Then yesterday — a story in which we quoted the chairman of the hedge fund Great Hill Capital, who according to Automotive News said bankruptcy was “inevitable” — we heard Fisker’s response to some of this news, and per Automotive News, that response included: “We do not currently have sufficient cash reserves or financing sources sufficient to satisfy all amounts due under the 2026 Notes or the 2025 Notes, and as a result, such events could have a material adverse effect on our business, results of operations and financial condition.”

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There’s not a whole lot of good news, there, though I drove the Fisker Ocean and thought it was good. So did Doug DeMuro, apparently. This is why I think these discounted Oceans are such a smoking hot deal. Bloomberg outlines the price cut, writing:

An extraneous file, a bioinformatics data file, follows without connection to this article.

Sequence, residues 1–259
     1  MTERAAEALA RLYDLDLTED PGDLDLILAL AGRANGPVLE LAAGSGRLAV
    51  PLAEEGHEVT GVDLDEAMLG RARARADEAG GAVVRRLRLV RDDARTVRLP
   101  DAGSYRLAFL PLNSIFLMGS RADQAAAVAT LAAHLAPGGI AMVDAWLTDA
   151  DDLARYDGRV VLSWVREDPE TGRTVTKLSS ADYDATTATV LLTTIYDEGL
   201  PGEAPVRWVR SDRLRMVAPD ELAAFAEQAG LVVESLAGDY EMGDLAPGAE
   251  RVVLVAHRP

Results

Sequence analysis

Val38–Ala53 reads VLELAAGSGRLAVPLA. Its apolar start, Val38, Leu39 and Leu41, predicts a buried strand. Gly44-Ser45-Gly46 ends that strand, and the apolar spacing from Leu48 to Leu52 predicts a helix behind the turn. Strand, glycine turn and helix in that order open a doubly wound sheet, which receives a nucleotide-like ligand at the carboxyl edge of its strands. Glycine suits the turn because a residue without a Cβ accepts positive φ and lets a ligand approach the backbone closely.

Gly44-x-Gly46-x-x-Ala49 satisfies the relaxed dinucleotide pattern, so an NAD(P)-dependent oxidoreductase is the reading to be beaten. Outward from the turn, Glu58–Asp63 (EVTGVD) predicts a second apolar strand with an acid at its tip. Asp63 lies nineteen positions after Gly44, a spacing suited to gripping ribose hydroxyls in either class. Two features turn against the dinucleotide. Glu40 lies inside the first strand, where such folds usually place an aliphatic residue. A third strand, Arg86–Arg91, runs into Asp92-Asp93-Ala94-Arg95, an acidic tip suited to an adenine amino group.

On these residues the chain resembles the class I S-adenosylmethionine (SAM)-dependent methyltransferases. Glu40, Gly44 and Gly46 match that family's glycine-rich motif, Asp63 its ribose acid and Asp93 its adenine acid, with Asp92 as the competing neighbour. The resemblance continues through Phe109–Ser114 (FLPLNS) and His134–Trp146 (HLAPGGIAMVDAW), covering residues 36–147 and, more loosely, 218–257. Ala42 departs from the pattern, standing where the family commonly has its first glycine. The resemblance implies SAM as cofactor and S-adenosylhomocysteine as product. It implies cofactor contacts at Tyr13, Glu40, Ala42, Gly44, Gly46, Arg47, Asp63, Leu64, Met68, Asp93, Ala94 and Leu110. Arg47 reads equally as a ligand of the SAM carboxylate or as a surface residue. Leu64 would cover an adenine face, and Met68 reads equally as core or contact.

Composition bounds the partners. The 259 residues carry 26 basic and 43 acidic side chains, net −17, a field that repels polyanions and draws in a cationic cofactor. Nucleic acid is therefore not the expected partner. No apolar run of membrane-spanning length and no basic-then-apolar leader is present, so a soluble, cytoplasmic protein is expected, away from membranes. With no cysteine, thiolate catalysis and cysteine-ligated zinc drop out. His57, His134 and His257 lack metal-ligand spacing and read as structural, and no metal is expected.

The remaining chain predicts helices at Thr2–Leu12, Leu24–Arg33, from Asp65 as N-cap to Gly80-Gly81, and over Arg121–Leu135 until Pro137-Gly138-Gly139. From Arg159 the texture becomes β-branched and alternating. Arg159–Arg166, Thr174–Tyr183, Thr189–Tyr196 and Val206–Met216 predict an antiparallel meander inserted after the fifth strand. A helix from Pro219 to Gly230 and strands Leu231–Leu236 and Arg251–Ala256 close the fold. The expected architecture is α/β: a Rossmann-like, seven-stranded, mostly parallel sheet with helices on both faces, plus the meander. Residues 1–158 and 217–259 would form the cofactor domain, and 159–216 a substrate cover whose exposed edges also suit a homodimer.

Fisker Inc. dramatically reduced the price of the Ocean sport utility vehicle — its only model — as the electric-car maker struggles to stay in business.

The biggest cut the US company is making applies to the top-end version of the Ocean, called Extreme. Fisker will slash the price by $24,000 — a 39% discount — to $37,499, according to an emailed statement.

Other iterations of the vehicle also will be much cheaper, a move Fisker said was designed to position the Ocean as “a more affordable and compelling EV choice.”

A $24,000 discount on the Extreme! That’s the one I drove and liked quite a bit! For $37,499 it seems like a steal. And you know what else seems like a steal? The base model “Sport,” which now costs only $24,999 thanks to a $14,000 price cut!